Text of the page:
Coast Guard adjusts planning amid workforce shortage

(WASHINGTON) — Coast Guard mission demands are growing while the service faces a significant workforce shortage. The Coast Guard is short nearly 10 percent of the entire enlisted workforce and cannot continue to operate as it has historically with fewer people.

To mitigate the workforce challenge risk in a deliberative and strategic fashion, Vice Commandant Adm. Steven Poulin has provided specific temporary operational guidance to adapt operations while prioritizing lifesaving missions, national security and protection of the Marine Transportation System. There will be no loss of search and rescue (SAR) capabilities.

The commandant, Adm. Linda Fagan, and Heath Jones, master chief petty officer, have emailed the workforce to outline the service’s mitigation strategy.

“The Coast Guard cannot maintain the same level of operations with our current shortfall – we cannot do the same with less. Conducting our missions is often inherently dangerous, and doing so without enough crew puts our members and the American public at increased risk,” wrote Fagan and Jones.

What does this mean for you?

The commandant has given assignment officers unprecedented flexibility this assignment season to work with members impacted by these force alignment changes.

Enlisted personnel management (EPM) and officer personnel management (OPM) staff started visiting the impacted units last week. They’ll answer questions and address members’ individual concerns. Some visits will be in person, others virtual.

The U.S. Coast Guard cutter Winslow Griesser, home-ported in San Juan, Puerto Rico, transits toward the pier in Bridgetown, Barbados, in June 2017. U.S. Coast Guard photo

“We understand the extra stress and anxiety these unforeseen changes create for our members and their families,” said Rear Adm. Rusty Dash, commander of the Personnel Service Center. “EPM and OPM will directly engage with each affected command to discuss individual situations and concerns.”

EPM’s priority is to assign affected members to the same geographic area (if possible and if that is what the member desires) while keeping their original tour completion dates. If that’s not possible, EPM will increase the member’s assignment priority and reassign the member based on their desire and service needs.

OPM will offer officers one-on-one counseling prior to eResume submission. OPM will work to tailor assignments to best meet officers’ professional and personal needs. You can access the AY 2024 Force Alignment Initiative SharePoint site for full details.

Detailed changes

As cutter crews are not scalable, the only way to reduce the workforce of the cutter fleet is to reduce the number of operating cutters. Previously planned cutter decommissionings will continue, including the Coast Guard cutter Steadfast.

Some cutters will be placed in a special status awaiting either decommissioning or future reactivation. In some cases, the crews will do a hull swap to layup the cutter with the largest pending maintenance requirement. Some of the changes include:

• Three 210-foot medium endurance cutters (WMEC) will be placed in layup, pending decommissioning.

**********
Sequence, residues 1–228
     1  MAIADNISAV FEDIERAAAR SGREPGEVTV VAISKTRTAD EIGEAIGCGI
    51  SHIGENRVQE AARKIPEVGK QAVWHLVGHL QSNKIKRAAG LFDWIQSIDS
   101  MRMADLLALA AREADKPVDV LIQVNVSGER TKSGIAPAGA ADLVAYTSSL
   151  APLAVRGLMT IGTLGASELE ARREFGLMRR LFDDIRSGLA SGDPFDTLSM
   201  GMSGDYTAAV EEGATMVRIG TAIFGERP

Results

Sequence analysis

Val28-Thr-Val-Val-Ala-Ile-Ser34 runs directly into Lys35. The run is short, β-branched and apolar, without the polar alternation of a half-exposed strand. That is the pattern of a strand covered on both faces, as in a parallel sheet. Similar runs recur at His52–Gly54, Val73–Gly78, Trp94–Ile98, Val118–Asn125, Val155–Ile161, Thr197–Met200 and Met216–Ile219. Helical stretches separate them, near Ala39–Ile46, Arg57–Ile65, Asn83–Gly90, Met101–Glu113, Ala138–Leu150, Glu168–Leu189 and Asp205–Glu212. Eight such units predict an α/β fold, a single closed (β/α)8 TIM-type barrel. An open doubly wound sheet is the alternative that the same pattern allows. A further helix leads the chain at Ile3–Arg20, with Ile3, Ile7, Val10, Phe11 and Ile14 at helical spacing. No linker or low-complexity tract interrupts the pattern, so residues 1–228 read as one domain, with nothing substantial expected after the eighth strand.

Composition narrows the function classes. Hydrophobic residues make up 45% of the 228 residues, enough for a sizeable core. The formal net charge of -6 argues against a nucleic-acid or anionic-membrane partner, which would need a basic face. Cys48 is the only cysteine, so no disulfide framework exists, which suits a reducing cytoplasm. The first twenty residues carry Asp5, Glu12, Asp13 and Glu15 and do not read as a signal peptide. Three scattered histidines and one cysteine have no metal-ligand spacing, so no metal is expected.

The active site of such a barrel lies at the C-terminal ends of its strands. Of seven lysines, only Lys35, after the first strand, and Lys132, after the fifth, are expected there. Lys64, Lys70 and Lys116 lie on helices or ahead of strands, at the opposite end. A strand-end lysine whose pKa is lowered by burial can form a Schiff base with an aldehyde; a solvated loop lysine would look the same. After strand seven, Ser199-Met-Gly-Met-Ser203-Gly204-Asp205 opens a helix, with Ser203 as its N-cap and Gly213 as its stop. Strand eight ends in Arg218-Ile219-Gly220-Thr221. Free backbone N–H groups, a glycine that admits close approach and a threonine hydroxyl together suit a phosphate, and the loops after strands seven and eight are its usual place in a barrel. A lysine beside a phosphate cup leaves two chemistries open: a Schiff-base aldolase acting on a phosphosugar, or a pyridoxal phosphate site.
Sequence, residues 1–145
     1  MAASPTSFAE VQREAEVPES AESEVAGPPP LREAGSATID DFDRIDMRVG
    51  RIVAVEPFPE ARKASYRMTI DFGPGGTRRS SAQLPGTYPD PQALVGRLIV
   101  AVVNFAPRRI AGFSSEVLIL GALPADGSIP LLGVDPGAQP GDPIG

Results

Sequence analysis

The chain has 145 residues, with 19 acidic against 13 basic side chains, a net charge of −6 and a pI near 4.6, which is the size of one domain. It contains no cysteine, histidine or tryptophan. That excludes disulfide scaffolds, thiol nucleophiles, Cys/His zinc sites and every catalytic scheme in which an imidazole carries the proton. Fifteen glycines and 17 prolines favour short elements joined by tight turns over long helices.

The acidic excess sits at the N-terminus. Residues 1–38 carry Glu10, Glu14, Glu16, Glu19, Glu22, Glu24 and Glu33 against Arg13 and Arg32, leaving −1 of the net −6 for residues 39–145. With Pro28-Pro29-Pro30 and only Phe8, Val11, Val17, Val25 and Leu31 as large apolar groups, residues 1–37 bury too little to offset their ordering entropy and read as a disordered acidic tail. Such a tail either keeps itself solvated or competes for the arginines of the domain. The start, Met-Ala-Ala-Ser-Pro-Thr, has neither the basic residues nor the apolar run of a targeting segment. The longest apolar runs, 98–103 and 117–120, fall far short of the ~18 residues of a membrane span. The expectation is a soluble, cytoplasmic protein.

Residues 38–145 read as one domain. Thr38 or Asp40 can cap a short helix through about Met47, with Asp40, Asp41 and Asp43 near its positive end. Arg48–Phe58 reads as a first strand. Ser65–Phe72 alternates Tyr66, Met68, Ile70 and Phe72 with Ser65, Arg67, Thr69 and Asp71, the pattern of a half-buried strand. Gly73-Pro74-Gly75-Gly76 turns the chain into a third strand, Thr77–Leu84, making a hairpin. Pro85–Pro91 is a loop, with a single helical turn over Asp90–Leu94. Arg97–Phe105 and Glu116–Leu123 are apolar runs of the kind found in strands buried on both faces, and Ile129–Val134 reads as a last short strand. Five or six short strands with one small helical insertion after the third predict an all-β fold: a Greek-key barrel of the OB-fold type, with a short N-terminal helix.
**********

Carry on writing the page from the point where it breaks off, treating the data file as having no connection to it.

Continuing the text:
• ​Seven 87-foot patrol boats will be placed in layup, pending reactivation.
• Five 65-foot harbor tugs will temporarily not be continuously manned but will be kept in a ready status in case icebreaking is needed.
• Two 154-foot patrol crafts will commence uncrewed for the Recurring Depot Availability Program (RDAP) at the Coast Guard Yard in Baltimore, Md. The next 154-foot patrol craft scheduled for RDAP will deliver the hull to the Coast Guard yard and swap hulls with a cutter that has completed dry dock.

Shoreside changes are also necessary. There are 44 stations and 36 aids to navigation teams (ANTs) that currently have more billets than their staffing standards allow in the activity-based staffing model. The stations will be reduced to their staffing standards and the ANTs to one billet below their staffing standards. Other shoreside changes include, but are not limited to:

• Crews at all 23 seasonal station smalls will transfer to their parent command.
• The six non-response units (boat forces units without SAR responsibilities) will suspend operations and their crews will be reassigned in assignment year (AY) 2024.
• The identified 19 stations whose SAR response capabilities are redundant will be deemed Scheduled Mission Units. Three of these 19 stations will be ports, waterways and coastal security level one Scheduled Mission Units.

What’s next?

These risk-based adjustments for AY 2024 will mitigate the shortage, but the service will still have some gapped positions. More mitigation efforts may be needed as it continues to evaluate service readiness. This strategic approach to temporarily adjust operations will best position the Coast Guard for future operational capabilities.

And the future is coming quickly. The first offshore patrol cutter, Argus, was launched in late October.

“The ‘Trackline to 10,000,’ to have 10,000 members assigned to afloat units, is still the goal for our future fleet and we will get there,” said Capt. John Driscoll, the chief of the Office of Cutter Forces. “We need to adjust our operating capacity now so we can prepare for the future. We will gradually grow fleet capacity back through continued construction of ships with the latest technology and the best crew habitability. Our cutter fleet is in demand globally, and I can see our cuttermen continuing to explore new locations as our ship operations are dedicated to the highest priority missions.”

– U.S. Coast Guard

By Professional Mariner Staff